Kuldeep bounces back in time for the game he missed four years ago

His resilience and ability to think on his feet while under extreme pressure have been a big part of his success in recent times

Kuldeep Yadav grew up wanting to be Wasim Akram. His life changed when his first coach, Kapil Pandey, advised him to give up fast bowling and try instead to become a left-arm Shane Warne.
On October 22 in Dharamsala, Kuldeep briefly lived his first cricketing dream, sending down a cross-seam thunderbolt - at 113.7kph, it was roughly 33kph quicker than his previous ball - that smacked into Daryl Mitchell's right bicep as he attempted an ill-advised reverse-sweep. It seemed at first that the batter had given Kuldeep an early sighter of his intentions, but watch it again, freeze the video at the point of Kuldeep's release, and it isn't obvious at all that Mitchell was shaping to reverse. Kuldeep, it would seem, had been looking to bowl this quick'un all along.
This was Kuldeep's sixth over in this India-New Zealand game, and it was a pivotal time in the contest. This was the first match of this World Cup where India were without Hardik Pandya, which meant they had no sixth bowler to step in if one of their five frontline options was enduring a bad day. Kuldeep, at that point, seemed to be enduring a decidedly bad day. His first five overs, all wicketless, had cost him 48 runs, and Mitchell and Rachin Ravindra had already combined to hit him for four sixes.
At the start of Kuldeep's sixth over, the 33rd of the innings, New Zealand were 167 for 2 and looking at a total of 292 according to ESPNcricinfo's Forecaster.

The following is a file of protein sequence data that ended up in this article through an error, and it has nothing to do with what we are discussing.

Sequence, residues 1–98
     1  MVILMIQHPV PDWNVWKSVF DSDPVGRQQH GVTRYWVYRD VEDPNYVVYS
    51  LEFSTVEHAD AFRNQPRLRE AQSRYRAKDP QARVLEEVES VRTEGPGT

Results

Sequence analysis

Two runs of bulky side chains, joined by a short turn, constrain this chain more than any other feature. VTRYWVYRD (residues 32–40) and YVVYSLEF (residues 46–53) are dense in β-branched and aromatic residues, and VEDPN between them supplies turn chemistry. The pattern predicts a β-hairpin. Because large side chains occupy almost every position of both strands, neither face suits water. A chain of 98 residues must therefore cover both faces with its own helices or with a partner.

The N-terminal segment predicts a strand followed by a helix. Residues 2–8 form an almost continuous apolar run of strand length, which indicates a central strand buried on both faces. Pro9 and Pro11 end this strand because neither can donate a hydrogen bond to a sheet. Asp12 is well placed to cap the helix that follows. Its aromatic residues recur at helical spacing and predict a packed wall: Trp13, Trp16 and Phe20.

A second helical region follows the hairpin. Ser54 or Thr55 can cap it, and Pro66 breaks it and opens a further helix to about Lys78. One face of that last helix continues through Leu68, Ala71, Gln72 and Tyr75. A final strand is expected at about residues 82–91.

They ended up all out for 273, and Kuldeep played a key part in restricting them to this extent, picking up two wickets and conceding just 25 in his last five overs.
It was a performance that showcased Kuldeep's resilience and his ability to think on his feet while under extreme pressure. Speaking at a mixed-zone interaction three weeks later, after India's last league game, Kuldeep went back to this contest against New Zealand and spoke of how he'd bounced back through his last five overs.
"Sometimes the batsman can get [on top of] you, and you have to change your tactics very quickly, and that's what I did in Dharamsala," he said. "I thought the wicket was very flat there, no spin there, small ground, so always better for the batsman to go straight, so sometimes you have to change the line and length to make them guess where you're going to bowl, and that's what I did in Dharamsala."
Ball-by-ball data from the Dharamsala game reflects how well Kuldeep's change of plan worked: in his first five overs, New Zealand's batters hit him down the ground (through or over the mid-on and mid-off regions) 14 times and took 30 runs off those balls. Mitchell, who used his feet to Kuldeep whenever he got half a chance, hit him for three straight sixes.
In the back half of his 10-over quota, Kuldeep made every possible effort to deny New Zealand's batters the opportunity to hit him straight. The cross-seamer to Mitchell was a sure sign of this, a sign in flashing neon.
In his last five overs, Kuldeep only allowed New Zealand's batters to hit him down the ground on seven occasions, for the cost of nine runs. Four of those runs came via a spilled catch from Jasprit Bumrah on the long-off boundary, when Mitchell miscued him in that direction. This was off a wrong'un dangled wide outside off stump, another ball designed to be difficult to hit down the ground.